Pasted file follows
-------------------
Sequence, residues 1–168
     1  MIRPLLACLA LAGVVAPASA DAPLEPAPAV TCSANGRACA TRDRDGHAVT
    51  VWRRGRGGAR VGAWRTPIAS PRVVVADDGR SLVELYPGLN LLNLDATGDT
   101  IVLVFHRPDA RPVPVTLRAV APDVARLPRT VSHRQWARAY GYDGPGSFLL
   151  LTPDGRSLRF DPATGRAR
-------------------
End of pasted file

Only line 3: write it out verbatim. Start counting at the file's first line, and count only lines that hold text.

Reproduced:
    51  VWRRGRGGAR VGAWRTPIAS PRVVVADDGR SLVELYPGLN LLNLDATGDT